Long-distance relationships are tough—you can’t hold your partner, hear her voice, be comforted by her presence, and let’s not forget the intense thirst that keeps you drier than the Sahara desert. But while distance is a make-or-break factor in any relationship, some LDR couples have been able to power through the isolation, the temptation, and the problems with internet connection to get through to the other side.
Here, people in successful LDRs share love advice besides the usual platitudes of “have trust” and “don’t fuck around.” Read on for tips on what mindsets to adopt, how to make use of your time, and what to do when the going (and the thirsting) gets tough.
A long-distance relationship is not for the faint of heart, so know what you’re signing up for.
“Being in an LDR means your partner should always be a priority. Be ready to compromise on things like times and apps to use for talking to each other, and if, like me, you’re saving up for a big move to be together, you need to seriously figure out how to go about earning more while spending less. This type of relationship is admittedly more fragile than most, so it definitely needs more TLC.” – Joy, 33, in an LDR for 10 years, soon to live in the same city as her partner
This is an obvious one, but just keep talking, if only virtually. It’s the least you can do for a partner you can’t even hold. *sniffs*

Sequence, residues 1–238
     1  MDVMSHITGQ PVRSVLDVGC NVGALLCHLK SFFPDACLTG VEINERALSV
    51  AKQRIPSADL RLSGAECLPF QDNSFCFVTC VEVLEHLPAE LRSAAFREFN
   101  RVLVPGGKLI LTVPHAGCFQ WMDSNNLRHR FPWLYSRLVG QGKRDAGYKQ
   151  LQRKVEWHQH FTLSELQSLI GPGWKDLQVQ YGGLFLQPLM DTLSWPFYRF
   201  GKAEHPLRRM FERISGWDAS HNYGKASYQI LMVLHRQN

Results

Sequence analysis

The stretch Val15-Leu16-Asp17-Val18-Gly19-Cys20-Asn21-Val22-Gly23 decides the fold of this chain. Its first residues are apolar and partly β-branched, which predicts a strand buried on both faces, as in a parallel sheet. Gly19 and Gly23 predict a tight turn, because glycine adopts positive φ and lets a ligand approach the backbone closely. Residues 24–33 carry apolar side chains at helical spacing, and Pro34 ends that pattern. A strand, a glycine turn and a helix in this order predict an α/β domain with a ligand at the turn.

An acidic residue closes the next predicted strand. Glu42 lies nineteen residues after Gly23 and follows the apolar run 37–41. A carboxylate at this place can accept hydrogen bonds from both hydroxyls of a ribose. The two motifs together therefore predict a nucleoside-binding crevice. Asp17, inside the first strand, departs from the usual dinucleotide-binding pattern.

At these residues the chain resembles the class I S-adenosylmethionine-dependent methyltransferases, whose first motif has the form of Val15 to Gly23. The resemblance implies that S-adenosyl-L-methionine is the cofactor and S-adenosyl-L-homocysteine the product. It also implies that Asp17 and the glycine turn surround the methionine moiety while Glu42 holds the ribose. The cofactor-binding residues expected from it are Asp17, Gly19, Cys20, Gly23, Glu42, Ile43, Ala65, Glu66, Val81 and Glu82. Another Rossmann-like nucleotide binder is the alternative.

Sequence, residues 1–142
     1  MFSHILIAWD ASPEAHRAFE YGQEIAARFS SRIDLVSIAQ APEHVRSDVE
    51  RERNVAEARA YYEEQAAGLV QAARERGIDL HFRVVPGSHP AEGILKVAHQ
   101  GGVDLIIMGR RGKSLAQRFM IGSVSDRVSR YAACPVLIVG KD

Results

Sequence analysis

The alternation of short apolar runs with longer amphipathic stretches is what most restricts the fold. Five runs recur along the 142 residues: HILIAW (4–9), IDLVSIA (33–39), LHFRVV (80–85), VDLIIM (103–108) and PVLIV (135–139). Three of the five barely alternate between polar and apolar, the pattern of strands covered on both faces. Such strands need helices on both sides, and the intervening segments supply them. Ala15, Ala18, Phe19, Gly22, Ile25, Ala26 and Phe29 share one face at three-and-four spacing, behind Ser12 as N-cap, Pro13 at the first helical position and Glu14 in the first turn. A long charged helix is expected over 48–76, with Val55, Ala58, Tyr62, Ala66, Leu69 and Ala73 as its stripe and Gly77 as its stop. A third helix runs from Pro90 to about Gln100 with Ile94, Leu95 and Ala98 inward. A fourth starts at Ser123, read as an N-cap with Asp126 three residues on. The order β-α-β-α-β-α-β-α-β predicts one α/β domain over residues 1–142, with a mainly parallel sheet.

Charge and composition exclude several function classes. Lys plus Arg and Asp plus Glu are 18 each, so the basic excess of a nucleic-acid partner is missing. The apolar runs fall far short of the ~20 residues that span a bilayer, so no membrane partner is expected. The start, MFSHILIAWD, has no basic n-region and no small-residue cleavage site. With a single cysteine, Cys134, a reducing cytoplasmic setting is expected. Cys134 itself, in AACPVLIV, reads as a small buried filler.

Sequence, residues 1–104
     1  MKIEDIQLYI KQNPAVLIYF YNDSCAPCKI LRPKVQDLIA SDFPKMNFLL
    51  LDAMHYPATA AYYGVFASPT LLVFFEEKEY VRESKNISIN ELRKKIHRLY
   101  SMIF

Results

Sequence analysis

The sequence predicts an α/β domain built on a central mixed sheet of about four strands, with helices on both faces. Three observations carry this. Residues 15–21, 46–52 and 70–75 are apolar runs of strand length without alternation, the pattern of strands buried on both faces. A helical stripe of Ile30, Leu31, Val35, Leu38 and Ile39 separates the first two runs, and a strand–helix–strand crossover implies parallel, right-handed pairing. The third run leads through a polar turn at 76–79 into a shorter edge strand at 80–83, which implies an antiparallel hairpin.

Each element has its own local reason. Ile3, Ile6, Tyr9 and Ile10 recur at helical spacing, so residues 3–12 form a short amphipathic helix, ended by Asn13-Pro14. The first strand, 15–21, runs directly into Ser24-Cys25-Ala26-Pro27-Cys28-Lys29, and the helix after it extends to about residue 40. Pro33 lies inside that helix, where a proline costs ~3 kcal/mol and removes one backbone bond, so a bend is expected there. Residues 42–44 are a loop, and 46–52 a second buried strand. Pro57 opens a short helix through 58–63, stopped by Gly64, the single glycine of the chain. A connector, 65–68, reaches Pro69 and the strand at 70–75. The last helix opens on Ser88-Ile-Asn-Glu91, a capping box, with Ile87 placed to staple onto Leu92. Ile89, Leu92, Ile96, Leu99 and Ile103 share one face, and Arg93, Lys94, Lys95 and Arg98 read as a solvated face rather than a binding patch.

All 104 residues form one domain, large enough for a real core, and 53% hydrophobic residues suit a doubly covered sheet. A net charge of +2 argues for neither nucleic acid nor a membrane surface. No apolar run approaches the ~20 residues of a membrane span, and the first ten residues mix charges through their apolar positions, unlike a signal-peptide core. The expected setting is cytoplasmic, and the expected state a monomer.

“If you want it to work, stick to it—both of you. Make use of any point of contact, be it Skype, Facebook Messenger, or Viber. Set a schedule at least; make sure that you talk constantly and regularly. You get to have the freedom and space that you need as a person, so give them the attention and time that they deserve as your partner.” – Mac, 29, in an LDR for 3 years, now living in the same city as his partner
The usual call-text-Skype routine is fine and dandy of course, but come on. You can do better than that.
“Be creative. Women want to feel your presence and be surprised even when you’re far apart. My boyfriend sends flowers through delivery and randomly sends sweet notes via emails, which I appreciate.” – Jonah, 31, in an LDR for 1 year
Just because you’re in an LDR doesn’t mean you have to kill off your social life and park your pambahay-clad self at home just awaiting your Skype dates.
“Live your own life; there are too many people who get caught up in the distance and forget to live. Make new friends. Meet new people. Have your own activities. Have your own adventures. That way, if (or when) you end up together, you have so much more to share with each other. There will be no resentment and you will both be better for it. If it doesn’t work out, then at least you did not put all your eggs in one basket.” – Jay, 36, in an LDR for 3 years, now engaged
“Being in a long-distance relationship is already hard and I don’t want to make it any harder for my partner. So go out. Meet people. Do the things that make you happy, as long as you know your priorities. In the end, you’ll be together, grow together, and have fun together. So make the process exciting and worthwhile while you’re apart.” – Lhesley, 24, in an LDR for 3 years, now married and soon to live in the same city as her husband
Use your time productively—these long-ass stretches on your own are just what you need to take up a new interest or make a killing in your career.